Planning Your First Year of Homeschooling


You’ve taught your little one his alphabet.  You’ve made sensory bins, explored with play dough, and even made a light table.  Now it’s that time for your little one to venture to Kindergarten — but instead of sending them to school, you’ve decided to try homeschooling for a few years.
 
But where do you start?
 
What curriculum do you have to follow?  How many “days” of school do you do?  Do you have to do standardized testing, complete a portfolio, or something else?  What if you aren’t adequate?
 
All of these questions are common first-year homeschooling questions.  To help out those “new to homeschooling” parents, I’ve created a list of some things to consider when you are planning out your first year of homeschooling.
 
Planning Your First Year of Homeschooling

1.  Know your state’s guidelines.

Every state is different, with entirely different regulations. Check with your local state department of education to find out how to declare you are homeschooling, how many days and hours in a day you need to complete, and what you need to do/submit at the end of the year  for testing, grades, and attendance.

2.  Keep curriculum simple.

My first year homeschooling, I knew my son would become an art aficionado, learn to play the piano, be reading at least 2 years ahead of where he should be, and would be able to identify every country around the world.  I had big plans on what we would study and learn.  Boy, were my expectations off!  Not a single one of the these goals were met, and I’m not sure they ever will be.  In addition, I had spent hundreds of dollars buying curriculum.  I even bought 5 different reading programs for that year!
 
What I learned from that first year was to keep it simple.  Just focus on the basics – reading, writing, and arithmetic. Does this mean you shouldn’t teach history, science, or music?  Well, that’s up to your family.  We did talk about history and science, but it was based upon on our field trip adventures and questions my son asked.  For instance, he would mention that he wanted to learn why the sky was blue.  From that one question, we studied the different types of clouds, talked about the stratosphere, and even started learning about space exploration.  We visited science centers and planetariums.  We checked out books on these subjects.  He learned quite a bit from that one question, but it wasn’t in a “curriculum.”  We spent the bulk of our days learning the basics, and then spent the extra time going down the rabbit holes of my son’s own interests.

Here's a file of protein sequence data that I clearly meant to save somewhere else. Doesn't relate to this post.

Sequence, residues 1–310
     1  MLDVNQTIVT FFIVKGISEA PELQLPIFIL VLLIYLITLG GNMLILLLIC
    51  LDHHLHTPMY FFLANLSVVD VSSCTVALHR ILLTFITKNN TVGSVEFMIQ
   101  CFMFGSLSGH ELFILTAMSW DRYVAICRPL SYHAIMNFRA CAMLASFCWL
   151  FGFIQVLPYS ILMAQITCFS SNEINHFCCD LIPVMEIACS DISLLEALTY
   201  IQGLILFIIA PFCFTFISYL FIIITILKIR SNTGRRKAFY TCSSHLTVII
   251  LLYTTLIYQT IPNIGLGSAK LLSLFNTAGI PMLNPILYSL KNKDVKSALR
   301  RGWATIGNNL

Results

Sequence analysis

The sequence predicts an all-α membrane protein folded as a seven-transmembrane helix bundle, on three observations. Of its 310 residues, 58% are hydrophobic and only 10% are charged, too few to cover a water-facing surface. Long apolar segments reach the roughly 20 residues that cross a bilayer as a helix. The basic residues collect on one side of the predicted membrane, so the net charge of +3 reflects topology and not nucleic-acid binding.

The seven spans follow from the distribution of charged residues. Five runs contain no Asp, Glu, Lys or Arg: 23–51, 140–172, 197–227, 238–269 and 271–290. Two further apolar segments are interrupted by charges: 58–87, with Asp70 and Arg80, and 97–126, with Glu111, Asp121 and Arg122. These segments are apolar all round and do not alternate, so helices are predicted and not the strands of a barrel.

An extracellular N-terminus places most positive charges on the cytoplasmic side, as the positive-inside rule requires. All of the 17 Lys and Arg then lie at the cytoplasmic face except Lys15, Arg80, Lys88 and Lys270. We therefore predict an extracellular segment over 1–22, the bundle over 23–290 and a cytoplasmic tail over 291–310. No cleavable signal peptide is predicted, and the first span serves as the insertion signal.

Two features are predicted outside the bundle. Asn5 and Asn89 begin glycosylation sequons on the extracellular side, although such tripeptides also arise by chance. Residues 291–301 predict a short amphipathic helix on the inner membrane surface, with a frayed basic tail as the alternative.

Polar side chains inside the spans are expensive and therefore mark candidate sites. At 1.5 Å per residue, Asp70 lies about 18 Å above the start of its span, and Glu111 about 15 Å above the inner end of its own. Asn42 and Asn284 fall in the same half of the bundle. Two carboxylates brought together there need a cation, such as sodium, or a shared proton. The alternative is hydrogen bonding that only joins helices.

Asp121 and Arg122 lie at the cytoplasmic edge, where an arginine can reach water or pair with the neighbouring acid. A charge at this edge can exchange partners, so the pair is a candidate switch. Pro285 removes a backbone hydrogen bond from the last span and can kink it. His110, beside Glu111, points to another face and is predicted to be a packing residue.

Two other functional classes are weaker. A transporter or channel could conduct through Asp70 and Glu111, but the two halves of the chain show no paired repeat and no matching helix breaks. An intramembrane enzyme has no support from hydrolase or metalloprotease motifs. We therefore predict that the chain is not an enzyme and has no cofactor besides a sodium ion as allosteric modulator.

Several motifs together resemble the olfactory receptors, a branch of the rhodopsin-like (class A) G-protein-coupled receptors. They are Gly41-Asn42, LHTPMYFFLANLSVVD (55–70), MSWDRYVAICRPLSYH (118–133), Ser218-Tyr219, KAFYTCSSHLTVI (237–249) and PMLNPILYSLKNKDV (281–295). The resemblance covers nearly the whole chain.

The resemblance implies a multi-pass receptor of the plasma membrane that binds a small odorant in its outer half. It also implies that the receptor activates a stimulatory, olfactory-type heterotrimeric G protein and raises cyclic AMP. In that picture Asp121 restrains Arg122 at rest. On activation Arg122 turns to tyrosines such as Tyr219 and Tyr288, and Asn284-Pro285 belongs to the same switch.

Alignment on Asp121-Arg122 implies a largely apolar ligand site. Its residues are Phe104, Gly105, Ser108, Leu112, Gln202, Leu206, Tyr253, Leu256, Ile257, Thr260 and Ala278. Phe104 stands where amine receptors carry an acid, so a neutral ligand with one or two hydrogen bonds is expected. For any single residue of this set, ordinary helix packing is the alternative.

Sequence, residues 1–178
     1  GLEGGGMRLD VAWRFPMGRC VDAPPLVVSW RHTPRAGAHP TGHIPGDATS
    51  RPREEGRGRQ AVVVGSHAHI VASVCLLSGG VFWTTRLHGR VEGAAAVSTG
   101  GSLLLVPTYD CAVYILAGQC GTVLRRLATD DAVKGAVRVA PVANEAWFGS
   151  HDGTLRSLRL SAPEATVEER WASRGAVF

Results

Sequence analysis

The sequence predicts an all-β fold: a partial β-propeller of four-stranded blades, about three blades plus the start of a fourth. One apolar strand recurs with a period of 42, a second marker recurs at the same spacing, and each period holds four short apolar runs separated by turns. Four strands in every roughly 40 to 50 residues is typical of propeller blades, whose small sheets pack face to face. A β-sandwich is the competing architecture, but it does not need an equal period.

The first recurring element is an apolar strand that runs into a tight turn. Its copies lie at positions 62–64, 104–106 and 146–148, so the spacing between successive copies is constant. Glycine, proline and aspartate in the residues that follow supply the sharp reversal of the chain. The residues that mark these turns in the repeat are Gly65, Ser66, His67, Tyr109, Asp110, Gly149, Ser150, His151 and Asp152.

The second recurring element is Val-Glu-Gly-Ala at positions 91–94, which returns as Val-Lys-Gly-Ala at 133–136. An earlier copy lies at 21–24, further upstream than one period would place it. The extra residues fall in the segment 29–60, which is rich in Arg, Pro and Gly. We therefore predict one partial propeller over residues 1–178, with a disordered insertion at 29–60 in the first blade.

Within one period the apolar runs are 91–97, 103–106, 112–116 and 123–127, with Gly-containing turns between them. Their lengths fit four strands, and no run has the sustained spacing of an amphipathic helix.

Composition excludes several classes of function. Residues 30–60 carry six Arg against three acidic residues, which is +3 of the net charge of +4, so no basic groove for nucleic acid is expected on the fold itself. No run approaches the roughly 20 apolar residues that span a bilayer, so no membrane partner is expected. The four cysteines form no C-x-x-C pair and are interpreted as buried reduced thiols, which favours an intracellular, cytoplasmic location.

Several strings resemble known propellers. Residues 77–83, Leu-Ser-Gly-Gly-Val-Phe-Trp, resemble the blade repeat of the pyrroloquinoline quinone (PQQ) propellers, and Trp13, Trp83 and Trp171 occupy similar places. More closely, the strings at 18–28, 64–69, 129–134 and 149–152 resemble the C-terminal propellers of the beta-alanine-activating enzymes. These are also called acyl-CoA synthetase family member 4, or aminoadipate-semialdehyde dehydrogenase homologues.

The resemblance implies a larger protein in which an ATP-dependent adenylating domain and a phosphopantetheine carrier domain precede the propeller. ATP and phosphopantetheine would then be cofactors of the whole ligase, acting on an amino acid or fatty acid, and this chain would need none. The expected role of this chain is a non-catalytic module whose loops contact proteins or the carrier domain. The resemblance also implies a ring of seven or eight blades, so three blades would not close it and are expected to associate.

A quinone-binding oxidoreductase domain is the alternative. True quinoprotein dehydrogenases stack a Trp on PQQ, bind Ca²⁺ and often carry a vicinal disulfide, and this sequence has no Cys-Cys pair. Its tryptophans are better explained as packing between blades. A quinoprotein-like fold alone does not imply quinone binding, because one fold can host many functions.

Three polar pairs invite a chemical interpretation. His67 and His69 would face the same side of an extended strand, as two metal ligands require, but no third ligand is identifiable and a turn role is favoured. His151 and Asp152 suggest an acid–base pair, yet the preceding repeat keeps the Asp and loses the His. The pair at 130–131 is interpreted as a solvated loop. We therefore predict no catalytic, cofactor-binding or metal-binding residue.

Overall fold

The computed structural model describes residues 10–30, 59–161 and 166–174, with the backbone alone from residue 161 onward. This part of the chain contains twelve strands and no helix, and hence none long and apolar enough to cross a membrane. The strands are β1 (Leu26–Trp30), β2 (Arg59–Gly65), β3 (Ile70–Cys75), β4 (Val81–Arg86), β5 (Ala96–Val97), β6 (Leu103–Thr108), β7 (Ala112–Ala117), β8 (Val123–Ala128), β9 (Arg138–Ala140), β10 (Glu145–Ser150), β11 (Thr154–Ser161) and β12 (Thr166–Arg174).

3. Make time for playdates.

My son is an only child.  Because of this, he loves to play with other kids.  In fact, what kid doesn’t enjoy playing with other kids?  Unfortunately, homeschooling doesn’t have a set “recess” time with friends every day.   Instead, I’ve learned that I have to be intentional about building in playtime with friends.
 
Some ways that we’ve learned to incorporate playing with other kids into our schedule include:
  • participating in co-ops and tutorials
  • setting weekly park dates with friends
  • going on field trips with other familes
  • attending fine arts classes
  • playing sports
  • being active in weekly religious (church/synagogue/mosque) activities for kids
  • attending story time or other activities for kids at our local library

4.  Find a great support system.

No matter how well-organized you are, how well you plan out the day, or how amazing an activity looks on Pinterest, you’ll still have bad days.  Whether the kids aren’t cooperating or you just didn’t get enough sleep because the baby cried all night, it’s imperative that you keep a support line of friends that you can lean on. Find a group of friends — both veteran homeschoolers as well as those who have kids the same age as yours.  Don’t be afraid to talk with them about the problems you are having.  Despite what your friends may tell you (or what you see online), everyone has days — or sometimes even weeks — when school didn’t go as planned.  Your friends will be there to help you though those times.  Many times, they will give you the best advice that will help you through that situation.

5.  Stop worrying about what everyone is saying.

Even though I’m a former teacher, my family was not supportive of my husband and I’s decision to homeschool.  We’re starting our third year of homeschooling, and even though they think I’m doing an amazing job; they still think I don’t need to be homeschooling.  In fact, I guarantee, there will be people who will doubt YOU and your decision, your curriculum choices, and your abilities.  Regardless of whether you have a teaching background or just a high school diploma, I believe that if you feel you should be homeschooling, then you should!  Only you know what’s best for you and your family… don’t worry about what the others say!  There will always be naysayers.  Take it from someone who is in the trenches with you… they don’t go away with more years of experience.  Learn to believe in yourself and your abilities.  You can do it!